Sculptor or goldsmith?
Profane or sacred?
Today or yesterday?
Daniel Arnoul does not fit into traditional movements
Being a sculptor wasn’t really a part of his training. He started by studying the art of a goldsmith at l’École du Louvre, then worked with La Maison Puiforcat where he realized that he was both an artisan and an artist.
While working with the sculptor Agam, he found the dimension he had been looking for, finally he was able to create thanks to his imagination.
In 1980, he moved to Nice where he started making symbolic pieces, mostly inspired by medieval works.
So on were made portraits, reliquary boxes, fabulous animals, royal hands, jewelry and cabinets (such as this piece). Those cabinets have been produced since the Renaissance, but here, with an ornamentation inspired by the Middle Ages.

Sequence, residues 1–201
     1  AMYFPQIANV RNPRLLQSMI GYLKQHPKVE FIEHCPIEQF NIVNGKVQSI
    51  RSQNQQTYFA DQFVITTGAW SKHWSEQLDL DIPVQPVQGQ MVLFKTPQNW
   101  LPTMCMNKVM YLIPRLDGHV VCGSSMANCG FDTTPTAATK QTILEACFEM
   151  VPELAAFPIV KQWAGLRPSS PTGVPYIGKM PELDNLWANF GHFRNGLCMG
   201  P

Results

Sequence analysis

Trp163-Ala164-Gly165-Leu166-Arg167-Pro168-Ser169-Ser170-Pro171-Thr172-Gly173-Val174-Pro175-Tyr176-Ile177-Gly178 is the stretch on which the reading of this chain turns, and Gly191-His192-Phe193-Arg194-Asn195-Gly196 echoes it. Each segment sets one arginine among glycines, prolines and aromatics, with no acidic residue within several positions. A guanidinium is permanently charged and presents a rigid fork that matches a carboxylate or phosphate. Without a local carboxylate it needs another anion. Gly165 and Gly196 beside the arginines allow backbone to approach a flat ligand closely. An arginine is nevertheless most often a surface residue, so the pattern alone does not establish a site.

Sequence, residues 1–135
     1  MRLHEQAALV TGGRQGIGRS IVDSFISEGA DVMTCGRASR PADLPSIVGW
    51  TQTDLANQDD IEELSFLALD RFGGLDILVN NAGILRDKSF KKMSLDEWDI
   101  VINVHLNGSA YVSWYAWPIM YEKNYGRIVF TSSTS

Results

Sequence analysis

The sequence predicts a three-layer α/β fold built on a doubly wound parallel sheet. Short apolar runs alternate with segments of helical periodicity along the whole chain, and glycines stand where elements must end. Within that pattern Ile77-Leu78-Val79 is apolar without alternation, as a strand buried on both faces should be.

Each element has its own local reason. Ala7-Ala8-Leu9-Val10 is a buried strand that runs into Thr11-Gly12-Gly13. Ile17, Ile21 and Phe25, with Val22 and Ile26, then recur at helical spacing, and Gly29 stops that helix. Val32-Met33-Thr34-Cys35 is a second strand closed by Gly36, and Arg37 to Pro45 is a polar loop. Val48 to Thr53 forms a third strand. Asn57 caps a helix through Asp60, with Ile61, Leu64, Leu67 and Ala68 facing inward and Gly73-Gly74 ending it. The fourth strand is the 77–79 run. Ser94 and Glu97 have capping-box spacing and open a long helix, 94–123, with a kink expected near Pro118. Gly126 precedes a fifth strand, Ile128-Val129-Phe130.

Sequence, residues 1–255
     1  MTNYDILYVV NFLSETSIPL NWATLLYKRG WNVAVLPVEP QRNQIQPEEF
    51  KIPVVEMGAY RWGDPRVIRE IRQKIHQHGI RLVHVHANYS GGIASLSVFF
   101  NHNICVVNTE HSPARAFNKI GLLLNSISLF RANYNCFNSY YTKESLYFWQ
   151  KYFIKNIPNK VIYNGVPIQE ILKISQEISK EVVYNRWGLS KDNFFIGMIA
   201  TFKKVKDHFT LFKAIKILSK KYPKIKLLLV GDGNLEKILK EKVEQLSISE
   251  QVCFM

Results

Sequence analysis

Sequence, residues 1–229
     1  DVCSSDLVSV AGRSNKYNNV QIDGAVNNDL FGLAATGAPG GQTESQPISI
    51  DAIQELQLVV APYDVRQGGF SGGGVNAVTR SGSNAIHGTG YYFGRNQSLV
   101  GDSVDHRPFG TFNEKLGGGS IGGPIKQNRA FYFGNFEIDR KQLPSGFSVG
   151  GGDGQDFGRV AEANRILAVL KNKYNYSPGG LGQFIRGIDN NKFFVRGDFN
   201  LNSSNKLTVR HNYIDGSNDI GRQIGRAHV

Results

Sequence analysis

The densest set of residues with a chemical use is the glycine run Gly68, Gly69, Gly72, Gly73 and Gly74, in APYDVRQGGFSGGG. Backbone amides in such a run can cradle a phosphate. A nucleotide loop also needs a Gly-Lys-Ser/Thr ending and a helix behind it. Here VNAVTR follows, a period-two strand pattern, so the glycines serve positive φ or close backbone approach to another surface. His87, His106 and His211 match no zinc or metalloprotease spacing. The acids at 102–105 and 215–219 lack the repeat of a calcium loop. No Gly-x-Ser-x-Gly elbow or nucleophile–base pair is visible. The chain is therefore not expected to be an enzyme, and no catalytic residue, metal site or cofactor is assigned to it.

To do so, Daniel Arnoul travels around the world, looking for rare materials (silver, vermeil, copper, ivory), stones (agate, coral, crystal, lapis lazuli, garnet, amethyst, jasper, carnelian), pearls and exotic wood.
This cabinet has got all those criteria.
He is on top of four platforms decreasing. Opened from both sides, he looks like a tabernacle.
He’s trimmed with silver and vermeil sheets, worked with the “repoussé” work, that are held by steel sheets. We can see polished stones.
The four rods that hold a rock crystal ball are maintaining the cabinet together. The rods go through the four platforms into the ground. It is the main armature.
The cabinet opens from both sides, with a double opening.
The first one, is like a porthole from which we can see the inside.
The second one opens with the porthole letting appearing three drawers.
Each sheets have an opening in the center. The decor is a light wood with vermeil sheets “repoussé”, with little rocks.
This gives an impression of secrets, and sacred on top of all the work and the amazing materials.